July 08, 2004
Which 802.11g Router is More Secure?
Here's a query for the security savvy -- in your opinion, which Wi-Fi "g" router is better for overall security features for a home network, the Linksys WRT54G or NetGear WGR614?
The background info: The dust has begun to settle after my move, and I've got the cable guy coming in next week to install broadband. They're providing the basic cable modem for free, so it makes sense for me to get an 802.11g Wi-Fi router over the weekend, primarily to share the Internet access, but also to network an HP DeskJet, and for the odd file transfer between two PCs (a desktop and a laptop). The Wi-Fi is primarily for the laptop's mobility, a Dell Latitude D600 with a Dell TrueMobile 1400 802.11a/b/g combo card.
While Wi-Fi performance is important, I'm much more concerned about the security. I've got it pretty well covered on the PC level (software firewall, AV, anti-spyware scanners, checking on Windows sharing, etc.), but it hasn't been fun trying to get reliable security specs on the routers. It would've been better to run a dedicated firewall server on a separate device, but due to a lot of time constraints, I'm just not going to have any time to tinker with it for the forseeable future.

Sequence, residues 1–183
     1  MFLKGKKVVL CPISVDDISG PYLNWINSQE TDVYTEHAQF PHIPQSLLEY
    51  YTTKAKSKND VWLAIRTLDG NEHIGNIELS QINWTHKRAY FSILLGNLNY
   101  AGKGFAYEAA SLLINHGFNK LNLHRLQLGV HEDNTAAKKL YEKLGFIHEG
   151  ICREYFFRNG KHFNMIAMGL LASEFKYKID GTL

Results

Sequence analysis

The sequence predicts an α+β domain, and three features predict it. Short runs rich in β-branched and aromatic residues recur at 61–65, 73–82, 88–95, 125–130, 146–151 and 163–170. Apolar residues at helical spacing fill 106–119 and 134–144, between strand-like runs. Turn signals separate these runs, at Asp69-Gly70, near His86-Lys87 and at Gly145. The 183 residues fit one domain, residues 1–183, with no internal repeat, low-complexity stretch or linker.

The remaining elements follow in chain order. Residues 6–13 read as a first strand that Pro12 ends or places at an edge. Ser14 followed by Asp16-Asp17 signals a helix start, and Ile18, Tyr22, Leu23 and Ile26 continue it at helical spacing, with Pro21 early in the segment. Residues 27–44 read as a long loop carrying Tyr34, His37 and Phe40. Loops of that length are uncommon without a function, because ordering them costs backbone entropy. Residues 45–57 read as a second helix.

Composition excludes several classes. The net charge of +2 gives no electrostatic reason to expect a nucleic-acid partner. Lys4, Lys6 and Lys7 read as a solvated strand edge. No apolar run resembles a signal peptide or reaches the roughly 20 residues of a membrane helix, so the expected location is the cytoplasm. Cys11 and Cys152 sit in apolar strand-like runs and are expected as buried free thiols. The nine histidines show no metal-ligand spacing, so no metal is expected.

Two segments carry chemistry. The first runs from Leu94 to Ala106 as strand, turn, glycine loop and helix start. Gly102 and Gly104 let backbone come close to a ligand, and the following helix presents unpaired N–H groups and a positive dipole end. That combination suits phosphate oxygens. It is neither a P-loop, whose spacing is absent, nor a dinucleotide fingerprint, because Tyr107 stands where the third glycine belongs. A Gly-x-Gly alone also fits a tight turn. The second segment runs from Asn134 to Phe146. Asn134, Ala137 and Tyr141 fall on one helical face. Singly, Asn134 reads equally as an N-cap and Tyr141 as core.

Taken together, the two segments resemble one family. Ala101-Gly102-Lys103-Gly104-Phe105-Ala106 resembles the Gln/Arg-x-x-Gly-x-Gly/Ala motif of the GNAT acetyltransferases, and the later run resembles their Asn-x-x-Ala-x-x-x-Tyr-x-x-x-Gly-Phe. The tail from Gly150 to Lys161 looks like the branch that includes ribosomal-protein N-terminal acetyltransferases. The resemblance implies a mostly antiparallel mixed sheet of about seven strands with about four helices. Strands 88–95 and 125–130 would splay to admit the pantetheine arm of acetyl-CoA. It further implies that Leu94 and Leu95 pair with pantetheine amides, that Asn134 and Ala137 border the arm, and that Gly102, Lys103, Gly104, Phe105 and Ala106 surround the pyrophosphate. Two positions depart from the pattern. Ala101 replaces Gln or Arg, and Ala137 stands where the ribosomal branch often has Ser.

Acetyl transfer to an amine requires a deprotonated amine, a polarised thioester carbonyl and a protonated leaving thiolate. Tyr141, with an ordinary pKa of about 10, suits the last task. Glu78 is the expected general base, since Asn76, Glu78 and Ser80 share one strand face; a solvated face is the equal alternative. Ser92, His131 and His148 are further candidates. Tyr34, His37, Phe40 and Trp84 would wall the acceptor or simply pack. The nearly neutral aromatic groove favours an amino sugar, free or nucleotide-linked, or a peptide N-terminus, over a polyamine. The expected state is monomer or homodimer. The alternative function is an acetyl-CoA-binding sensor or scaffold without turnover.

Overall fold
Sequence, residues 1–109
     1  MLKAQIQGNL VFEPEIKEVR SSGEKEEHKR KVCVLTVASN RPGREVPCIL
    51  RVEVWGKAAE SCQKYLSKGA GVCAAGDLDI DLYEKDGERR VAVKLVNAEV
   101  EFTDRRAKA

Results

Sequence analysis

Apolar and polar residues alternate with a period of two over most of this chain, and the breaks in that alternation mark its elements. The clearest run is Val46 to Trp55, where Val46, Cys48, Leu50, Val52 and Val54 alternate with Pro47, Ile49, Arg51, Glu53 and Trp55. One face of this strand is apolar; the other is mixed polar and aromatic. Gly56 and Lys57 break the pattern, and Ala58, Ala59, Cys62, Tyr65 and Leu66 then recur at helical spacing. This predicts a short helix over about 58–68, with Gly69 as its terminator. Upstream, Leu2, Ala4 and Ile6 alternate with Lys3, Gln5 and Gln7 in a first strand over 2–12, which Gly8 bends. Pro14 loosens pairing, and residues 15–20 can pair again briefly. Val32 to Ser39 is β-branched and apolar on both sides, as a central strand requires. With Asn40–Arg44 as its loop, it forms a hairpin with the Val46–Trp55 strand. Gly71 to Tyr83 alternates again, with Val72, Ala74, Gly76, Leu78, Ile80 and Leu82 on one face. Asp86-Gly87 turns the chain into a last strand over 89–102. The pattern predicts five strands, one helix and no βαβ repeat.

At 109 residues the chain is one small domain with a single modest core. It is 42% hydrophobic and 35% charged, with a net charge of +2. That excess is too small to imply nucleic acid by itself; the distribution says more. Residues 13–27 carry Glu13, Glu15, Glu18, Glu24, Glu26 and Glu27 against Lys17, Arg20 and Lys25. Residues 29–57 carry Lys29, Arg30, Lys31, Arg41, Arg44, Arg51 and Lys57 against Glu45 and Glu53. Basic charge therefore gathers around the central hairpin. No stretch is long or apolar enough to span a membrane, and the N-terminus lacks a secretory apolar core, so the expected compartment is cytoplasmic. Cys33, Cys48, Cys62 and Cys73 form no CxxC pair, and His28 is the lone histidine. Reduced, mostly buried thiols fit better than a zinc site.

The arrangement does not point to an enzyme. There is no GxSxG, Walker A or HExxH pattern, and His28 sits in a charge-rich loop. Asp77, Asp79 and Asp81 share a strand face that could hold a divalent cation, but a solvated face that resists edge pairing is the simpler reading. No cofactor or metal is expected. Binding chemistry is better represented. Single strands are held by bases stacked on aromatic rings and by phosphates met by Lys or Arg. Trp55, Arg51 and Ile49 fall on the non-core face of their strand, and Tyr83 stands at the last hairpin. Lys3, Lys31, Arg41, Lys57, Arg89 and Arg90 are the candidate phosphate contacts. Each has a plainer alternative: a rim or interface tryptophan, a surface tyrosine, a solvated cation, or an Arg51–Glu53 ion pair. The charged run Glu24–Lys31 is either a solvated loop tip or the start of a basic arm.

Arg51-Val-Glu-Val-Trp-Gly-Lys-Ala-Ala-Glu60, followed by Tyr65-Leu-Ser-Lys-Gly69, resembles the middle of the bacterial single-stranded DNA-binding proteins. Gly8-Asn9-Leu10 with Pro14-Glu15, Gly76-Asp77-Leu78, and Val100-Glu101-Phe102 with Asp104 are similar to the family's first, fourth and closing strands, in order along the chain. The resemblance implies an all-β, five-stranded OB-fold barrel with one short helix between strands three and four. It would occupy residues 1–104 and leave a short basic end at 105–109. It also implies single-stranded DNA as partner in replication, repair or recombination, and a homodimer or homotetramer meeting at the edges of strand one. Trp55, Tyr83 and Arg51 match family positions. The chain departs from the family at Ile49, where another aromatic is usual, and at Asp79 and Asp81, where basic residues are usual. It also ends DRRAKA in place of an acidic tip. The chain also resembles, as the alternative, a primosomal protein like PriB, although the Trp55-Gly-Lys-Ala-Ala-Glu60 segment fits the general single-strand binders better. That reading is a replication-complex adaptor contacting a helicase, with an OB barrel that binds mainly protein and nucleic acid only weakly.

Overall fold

So far, both the Linksys WRT54G and NetGear WGR614 wireless "g" routers look pretty good to me, but I could use a more experienced eye. It appears that both feature NAT, SPI firewall, MAC address filtering, SSID broadcast disable, WEP and WPA encryption, and more. Although one Linksys WRT54G product page mentions NAT, another one omitted it -- any WRT54G owners who can confirm NAT is included? Also, can anyone confirm whether either one can limit the number of connections independently from MAC or IP address filtering (since MAC and IP addresses can be spoofed)? Their tech support people weren't terribly helpful or certain on this one. For instance, it would be good to limit connections to only 2 PCs, as well as by MAC and IP addresses.
Given that time is growing short, I'm hoping someone can confirm these security specs and/or make an experienced recommendation between them (or offer a better selection if warranted) for best overall "g" security. I won't be running any 802.11b devices, so this is a pure "g" environment. I'm looking to stick with proven, quality name brands for support, warranty, and firmware upgrade issues. Have I missed anything?
Many thanks in advance for all comments and/or e-mail replies.
Topic(s): Privacy & Security
Posted by Jeff Beard